McKee on Story, and the nature vs nurture argument about writing courses

Robert McKee Story seminarI attended Robert McKee’s seminar on thriller writing recently. It was a revealing event: an entire cinema packed with writers chasing insight into how to write a thriller. It was a microcosm of just how booming the writing industry is, fuelled in part by the opening of the self-publishing market due to affordable and relatively easy ebook and POD technologies. I don’t really think of the other bodies in the room as competitors, just contemporaries: I’m a big believer in the phenomenon in the writing industry perhaps best epitomised by the Amazon button that says if you liked this book, you might also like …

But there I was, me and my contemporaries, for a very long day, receiving a summary of the various styles of thriller, the identifying qualities of same, and then the nitty gritty: component parts, structure, conflict and, perhaps most usefully, the idea of switching positive-negative valencies within each scene, sequence and act.

McKee is famed for his book Story and the seminar industry he’s spun out of it, and I got a lot out of the day (Ellen Gregory provides a handy summary in a series of blog posts). The physical seminar was easier to digest than the written work, I found; McKee’s focus is on screenwriting, but the basics apply equally as well to literature. I was mentally checking off, and occasionally wincing, as McKee unfolded his theories (Se7en was his case study). Anything that makes you look at your process, at the components of your craft, that helps you hone your skills, is valuable: up to a point. You still have to write the damn story. And you still have to have a story worth writing. Ah, now there’s the rub.

Cameron Rogers gives the McKee school of writing class a serve, while finding useful insight in the simple three-act scenario of Lennon and Garant: put a likeable person up a tree; throw rocks at them; get them down from the tree. I like that.

(I’ve only recently discovered Cam’s blog: it’s a time-killer, both erudite and fun with far too many interesting YouTube clips. And, god, Music of Razors is still on the Shelf of Woe, waiting for that heady day when I get to that to-read pile.)

Which suggests, courses for horses. But can ‘writing’ be taught?

As Dmetri Kakmi wrote in a recent defence of writing as vocation, there’s a school of thought that says everyone has a novel in them — which is probably true in terms of content. But perhaps not everyone, even with a McKee seminar and a couple of handy books (I favour Stephen King’s On Writing as an inspirational text) on the desk, is capable of delivering that story in an effective and engaging way.

While I’ve learnt a lot from writing courses — I wish I’d done my Year of the Novel with Kim Wilkins a decade earlier, when I first seriously turned my hand to getting a novel written and having it published (and being paid for it, damn it!) — I like to think, in line with Dmetri’s ‘rant’, that there is a talent as well as a skill. I think the skill can be honed; I think the talent comes from prolific reading, exercising of imagination and curiosity about the human condition. If talent is a pool of creative lava, then a writing course — the right writing course — might help channel that lava into a fruitful channel. No burnt fingers, no gelatinous puddle. There are plenty of good ideas out there, but good ideas well crafted, well, that’s another story.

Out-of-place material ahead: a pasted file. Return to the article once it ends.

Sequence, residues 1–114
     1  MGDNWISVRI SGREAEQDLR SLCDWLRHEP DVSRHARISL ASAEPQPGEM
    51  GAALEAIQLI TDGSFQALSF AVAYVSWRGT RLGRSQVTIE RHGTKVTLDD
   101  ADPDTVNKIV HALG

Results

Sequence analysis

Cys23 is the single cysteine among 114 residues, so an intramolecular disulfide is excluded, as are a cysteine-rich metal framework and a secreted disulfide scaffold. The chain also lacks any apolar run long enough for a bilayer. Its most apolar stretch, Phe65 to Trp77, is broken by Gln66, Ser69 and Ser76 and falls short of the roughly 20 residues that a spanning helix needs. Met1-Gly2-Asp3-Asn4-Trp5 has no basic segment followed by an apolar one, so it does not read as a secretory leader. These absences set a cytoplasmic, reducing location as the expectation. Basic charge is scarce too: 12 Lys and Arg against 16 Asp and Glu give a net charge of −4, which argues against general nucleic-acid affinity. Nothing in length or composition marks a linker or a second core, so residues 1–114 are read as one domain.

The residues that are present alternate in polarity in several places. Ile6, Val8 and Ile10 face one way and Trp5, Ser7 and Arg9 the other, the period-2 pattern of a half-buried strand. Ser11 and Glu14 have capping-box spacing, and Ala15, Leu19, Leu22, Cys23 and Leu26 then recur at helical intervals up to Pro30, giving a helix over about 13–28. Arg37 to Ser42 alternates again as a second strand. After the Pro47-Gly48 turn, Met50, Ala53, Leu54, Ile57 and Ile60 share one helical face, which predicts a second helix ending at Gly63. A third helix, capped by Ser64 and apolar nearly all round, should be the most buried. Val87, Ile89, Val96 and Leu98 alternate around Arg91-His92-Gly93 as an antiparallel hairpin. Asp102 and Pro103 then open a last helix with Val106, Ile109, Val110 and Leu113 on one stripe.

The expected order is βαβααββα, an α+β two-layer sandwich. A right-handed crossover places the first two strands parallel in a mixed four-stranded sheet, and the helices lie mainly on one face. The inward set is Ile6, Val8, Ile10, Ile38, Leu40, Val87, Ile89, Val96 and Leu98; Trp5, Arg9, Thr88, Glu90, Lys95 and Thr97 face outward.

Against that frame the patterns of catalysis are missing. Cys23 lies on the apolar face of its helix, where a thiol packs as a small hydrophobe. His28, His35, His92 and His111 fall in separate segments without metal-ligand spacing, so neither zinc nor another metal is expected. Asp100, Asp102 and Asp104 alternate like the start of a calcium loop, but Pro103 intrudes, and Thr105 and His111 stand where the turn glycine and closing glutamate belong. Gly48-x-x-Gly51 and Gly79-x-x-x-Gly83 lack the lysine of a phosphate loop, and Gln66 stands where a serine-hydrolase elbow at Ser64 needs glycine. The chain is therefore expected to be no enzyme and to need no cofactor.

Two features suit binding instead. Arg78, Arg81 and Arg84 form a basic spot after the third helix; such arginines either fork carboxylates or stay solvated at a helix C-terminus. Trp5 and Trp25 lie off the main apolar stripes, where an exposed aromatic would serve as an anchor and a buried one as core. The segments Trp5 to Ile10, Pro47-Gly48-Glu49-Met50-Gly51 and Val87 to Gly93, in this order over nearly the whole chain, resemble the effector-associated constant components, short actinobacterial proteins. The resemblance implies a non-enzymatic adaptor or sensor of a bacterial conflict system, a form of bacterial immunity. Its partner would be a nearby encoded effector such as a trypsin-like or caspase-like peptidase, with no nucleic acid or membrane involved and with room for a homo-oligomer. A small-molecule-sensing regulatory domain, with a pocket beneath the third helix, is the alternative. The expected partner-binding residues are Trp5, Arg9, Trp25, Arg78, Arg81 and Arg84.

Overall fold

I’ve read a bunch of yarns that have plenty of spirit, but are let down by deficient craft. I’ve read even more than have a modicum of craft, but little spirit. It’s where craft and spirit combine that we get that story that sticks: the one we have to tell all our friends about.

Dmetri says if you have to ask if you’ve got what it takes, you don’t; I think we prove it to ourselves every time we choose the keyboard over the sunshine, or at least, we test ourselves along those lines. Writers are, by nature, by and large, insecure creatures: as with any artist, their passion is placed in the public arena and invites both the brickbats and bouquets. Do I have what it takes — to get to the end? To sell this story? To make a reader give a damn?

At the end of the day, we’re writing to our own standard. Some folks will be happy to just sell a story to any market, paying or otherwise. The byline is enough. Others want cash up front as recompense for all the days of sunshine they’ve missed out on. Some churn out plastic, others are artists; sometimes, both might make a living out of it. Some have quantitative goals: units sold, cash earned. Others, a qualitative goal: to write as well as their hero, or to write an award-winning work.

We set our own benchmarks and I’m in no position to rank them, but I do set a base level of competence for someone calling themselves a writer: respect for the words, respect for the language. You don’t have to be an uber stylist but at least know where to put the full points. At least know what the words mean. And readers should be discerning on this. A 99c price tag, not even a free download, should excuse abuse of language. Incompetence and willful ignorance should never be excused.

King talks about his ideal reader, and I think that’s part of the benchmark. Who do we want to impress with this story? Who will we hold our breath for, while we wait for the shake or the nod?

I’m glad I did the McKee seminar; I enjoyed the lens his observations brought to my appreciation of my work. But I still have to apply the lessons learnt. And I still have to answer the question: do I have what it takes? No amount of courses is going to solve that riddle; that one is answered only in the doing.